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Hoffmann, R. A wiki for the life sciences where authorship matters. Nature Genetics (2008)

Structure-function relationships for a new series of pyridine-2-carboxaldehyde thiosemicarbazones on ribonucleotide reductase activity and tumor cell growth in culture and in vivo.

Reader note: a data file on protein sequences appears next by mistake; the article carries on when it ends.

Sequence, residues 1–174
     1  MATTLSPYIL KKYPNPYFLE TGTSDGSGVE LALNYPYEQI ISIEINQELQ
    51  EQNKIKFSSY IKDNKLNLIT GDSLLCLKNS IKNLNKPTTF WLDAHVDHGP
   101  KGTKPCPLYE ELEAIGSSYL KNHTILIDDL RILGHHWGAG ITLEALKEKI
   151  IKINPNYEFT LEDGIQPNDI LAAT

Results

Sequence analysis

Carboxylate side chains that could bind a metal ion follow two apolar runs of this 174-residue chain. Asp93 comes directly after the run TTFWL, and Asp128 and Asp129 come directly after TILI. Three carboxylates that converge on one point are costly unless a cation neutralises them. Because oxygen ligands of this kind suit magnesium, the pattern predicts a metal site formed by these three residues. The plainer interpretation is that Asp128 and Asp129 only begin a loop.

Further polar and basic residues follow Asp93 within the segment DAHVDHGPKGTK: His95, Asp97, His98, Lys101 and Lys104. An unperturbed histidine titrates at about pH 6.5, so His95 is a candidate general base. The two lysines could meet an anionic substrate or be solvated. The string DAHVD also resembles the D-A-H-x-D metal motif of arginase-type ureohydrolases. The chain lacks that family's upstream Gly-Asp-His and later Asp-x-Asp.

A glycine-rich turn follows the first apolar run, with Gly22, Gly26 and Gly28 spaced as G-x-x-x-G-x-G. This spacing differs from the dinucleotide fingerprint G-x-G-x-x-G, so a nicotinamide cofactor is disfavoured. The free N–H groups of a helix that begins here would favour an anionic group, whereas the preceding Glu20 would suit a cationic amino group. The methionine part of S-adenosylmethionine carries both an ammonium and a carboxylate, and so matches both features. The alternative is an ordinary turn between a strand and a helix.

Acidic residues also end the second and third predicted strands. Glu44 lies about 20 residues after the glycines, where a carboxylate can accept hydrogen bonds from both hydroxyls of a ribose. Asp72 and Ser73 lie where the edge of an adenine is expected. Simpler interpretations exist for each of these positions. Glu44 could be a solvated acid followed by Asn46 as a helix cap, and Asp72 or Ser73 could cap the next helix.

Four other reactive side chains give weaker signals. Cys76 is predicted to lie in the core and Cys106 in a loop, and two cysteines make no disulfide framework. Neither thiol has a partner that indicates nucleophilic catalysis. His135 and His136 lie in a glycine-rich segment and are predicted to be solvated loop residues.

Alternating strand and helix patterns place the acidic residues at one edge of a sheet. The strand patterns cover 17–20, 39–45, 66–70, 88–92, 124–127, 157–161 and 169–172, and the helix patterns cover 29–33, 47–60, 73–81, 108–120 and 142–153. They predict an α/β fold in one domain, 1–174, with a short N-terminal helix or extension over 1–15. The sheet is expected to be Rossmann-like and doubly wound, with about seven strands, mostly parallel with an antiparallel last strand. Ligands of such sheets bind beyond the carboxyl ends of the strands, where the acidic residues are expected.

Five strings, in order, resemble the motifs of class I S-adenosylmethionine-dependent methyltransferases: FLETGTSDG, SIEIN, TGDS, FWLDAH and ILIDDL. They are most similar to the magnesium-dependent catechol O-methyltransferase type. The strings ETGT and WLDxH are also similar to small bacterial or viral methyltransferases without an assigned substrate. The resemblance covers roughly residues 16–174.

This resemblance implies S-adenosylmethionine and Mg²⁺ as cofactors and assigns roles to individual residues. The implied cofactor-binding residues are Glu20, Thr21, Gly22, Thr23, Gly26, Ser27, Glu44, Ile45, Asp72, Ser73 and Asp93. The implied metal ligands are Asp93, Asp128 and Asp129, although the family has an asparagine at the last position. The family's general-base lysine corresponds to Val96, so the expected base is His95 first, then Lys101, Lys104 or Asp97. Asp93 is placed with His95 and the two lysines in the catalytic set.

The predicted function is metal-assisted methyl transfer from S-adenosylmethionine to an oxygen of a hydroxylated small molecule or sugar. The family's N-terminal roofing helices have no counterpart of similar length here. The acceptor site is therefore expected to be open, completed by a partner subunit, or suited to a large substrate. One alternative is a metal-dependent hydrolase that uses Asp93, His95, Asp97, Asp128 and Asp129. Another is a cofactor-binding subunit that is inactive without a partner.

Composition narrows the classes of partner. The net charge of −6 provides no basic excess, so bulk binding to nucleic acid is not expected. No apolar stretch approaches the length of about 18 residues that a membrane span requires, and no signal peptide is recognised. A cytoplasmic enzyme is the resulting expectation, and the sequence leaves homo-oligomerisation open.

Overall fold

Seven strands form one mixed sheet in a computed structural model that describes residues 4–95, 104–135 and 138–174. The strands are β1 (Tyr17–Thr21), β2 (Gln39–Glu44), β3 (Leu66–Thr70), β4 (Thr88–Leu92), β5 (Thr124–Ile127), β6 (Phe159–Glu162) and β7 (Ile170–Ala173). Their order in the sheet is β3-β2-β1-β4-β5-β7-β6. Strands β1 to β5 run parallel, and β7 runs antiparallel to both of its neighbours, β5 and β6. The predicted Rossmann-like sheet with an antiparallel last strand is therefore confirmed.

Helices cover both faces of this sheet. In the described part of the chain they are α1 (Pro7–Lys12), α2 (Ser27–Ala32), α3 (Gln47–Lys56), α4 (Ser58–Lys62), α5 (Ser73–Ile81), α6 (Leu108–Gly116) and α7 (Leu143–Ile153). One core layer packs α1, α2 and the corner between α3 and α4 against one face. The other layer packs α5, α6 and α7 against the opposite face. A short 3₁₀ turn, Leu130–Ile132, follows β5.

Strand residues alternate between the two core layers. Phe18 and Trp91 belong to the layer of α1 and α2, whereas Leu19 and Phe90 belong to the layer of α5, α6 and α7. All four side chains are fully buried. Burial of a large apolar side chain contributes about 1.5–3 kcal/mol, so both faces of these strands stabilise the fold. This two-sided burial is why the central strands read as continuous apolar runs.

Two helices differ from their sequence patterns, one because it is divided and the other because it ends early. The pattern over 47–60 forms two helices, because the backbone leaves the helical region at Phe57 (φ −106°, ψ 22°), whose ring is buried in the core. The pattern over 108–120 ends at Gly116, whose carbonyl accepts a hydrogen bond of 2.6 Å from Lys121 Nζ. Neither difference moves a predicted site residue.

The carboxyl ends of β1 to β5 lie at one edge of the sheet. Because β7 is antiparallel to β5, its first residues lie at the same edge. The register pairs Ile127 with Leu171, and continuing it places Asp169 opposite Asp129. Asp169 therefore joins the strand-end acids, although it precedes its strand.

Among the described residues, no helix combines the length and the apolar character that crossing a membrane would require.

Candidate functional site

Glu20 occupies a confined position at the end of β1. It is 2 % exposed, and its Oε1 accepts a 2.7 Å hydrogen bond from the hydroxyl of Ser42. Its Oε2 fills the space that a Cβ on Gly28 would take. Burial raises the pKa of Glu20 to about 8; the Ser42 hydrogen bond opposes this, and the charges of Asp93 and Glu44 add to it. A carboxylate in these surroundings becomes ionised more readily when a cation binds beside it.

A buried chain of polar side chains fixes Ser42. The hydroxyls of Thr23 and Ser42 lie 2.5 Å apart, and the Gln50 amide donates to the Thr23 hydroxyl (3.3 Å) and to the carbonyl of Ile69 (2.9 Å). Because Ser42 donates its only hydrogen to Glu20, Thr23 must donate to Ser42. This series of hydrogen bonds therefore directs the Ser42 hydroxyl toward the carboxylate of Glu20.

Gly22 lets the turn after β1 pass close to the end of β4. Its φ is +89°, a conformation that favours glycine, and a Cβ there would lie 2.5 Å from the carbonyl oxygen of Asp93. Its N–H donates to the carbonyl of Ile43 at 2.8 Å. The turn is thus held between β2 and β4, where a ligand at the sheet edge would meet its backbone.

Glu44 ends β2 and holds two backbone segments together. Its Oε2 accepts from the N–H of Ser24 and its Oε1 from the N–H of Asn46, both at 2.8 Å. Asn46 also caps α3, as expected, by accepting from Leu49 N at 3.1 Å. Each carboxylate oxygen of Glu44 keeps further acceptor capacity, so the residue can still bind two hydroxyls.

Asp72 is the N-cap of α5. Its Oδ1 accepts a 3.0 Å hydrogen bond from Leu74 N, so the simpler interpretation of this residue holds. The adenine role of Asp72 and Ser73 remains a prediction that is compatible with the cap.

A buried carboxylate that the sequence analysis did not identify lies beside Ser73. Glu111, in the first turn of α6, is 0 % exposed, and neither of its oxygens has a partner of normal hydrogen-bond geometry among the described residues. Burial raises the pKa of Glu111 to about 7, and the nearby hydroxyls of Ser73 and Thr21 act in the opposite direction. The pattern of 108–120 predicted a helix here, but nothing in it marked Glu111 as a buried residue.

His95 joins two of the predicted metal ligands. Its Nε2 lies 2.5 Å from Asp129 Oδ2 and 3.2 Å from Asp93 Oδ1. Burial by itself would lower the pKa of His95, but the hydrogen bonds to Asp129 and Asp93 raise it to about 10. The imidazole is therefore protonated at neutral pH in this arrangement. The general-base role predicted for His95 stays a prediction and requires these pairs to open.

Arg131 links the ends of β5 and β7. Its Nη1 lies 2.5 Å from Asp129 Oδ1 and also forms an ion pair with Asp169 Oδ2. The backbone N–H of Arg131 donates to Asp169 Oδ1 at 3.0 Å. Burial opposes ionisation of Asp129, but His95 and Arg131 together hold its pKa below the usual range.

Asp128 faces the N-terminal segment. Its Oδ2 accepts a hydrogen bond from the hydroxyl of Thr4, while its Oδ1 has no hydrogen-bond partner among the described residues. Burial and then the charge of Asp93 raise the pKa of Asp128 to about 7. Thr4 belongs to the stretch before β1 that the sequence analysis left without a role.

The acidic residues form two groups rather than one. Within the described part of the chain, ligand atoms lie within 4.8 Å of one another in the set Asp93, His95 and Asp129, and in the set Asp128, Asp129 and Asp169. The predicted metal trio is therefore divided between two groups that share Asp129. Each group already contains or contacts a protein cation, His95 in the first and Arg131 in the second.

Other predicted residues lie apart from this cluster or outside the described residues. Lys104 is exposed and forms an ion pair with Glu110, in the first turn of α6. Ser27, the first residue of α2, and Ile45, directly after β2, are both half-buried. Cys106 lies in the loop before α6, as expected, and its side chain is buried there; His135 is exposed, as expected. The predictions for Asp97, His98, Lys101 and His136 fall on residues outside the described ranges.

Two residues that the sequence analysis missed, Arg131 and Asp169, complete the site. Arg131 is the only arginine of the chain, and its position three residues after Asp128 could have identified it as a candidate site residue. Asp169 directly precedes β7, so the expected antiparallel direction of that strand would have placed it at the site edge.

The synthesis of a new series of pyridine-2-carboxaldehyde thiosemicarbazones (HCTs) that have amino groups in the 3- and 5-positions has allowed the comparison of the structure/function relationships with regard to inhibition of ribonucleotide reductase activity, L1210 cell growth in culture and L1210 leukemia in vivo. 3-Aminopyridine-2-carboxaldehyde thiosemicarbazones are more active than the corresponding 3-hydroxy-derivatives. The 3-amino-2-pyridine carboxaldehyde thiosemicarbazones were also more active then the 5-amino-2-carboxaldehyde thiosemicarbazones in inhibiting ribonucleotide reductase activity and L1210 cell growth in culture and in vivo. N-Acetylation of the 3-amino derivative resulted in a compound that was much less active both in vitro and in vivo; N-acetylation of the 5-amino derivative did not alter the in vitro inhibitory properties, but did eliminate the antitumor properties in vivo. When the most active HCTs were studied in more detail, it was found that the incorporation of [3H]thymidine into DNA was inhibited completely without the inhibition of [3H]uridine incorporation into RNA. Further, the conversion of [14C]cytidine to deoxycytidine nucleotides and incorporation into DNA was inhibited by the HCTs without an effect on the incorporation of cytidine into RNA. These data support the conclusion that ribonucleotide reductase is the major site of action of these HCTs. The 3-aminopyridine-2-carboxaldehyde thiosemicarbazones emerge as strong candidates for development for clinical trials in cancer patients.[1]


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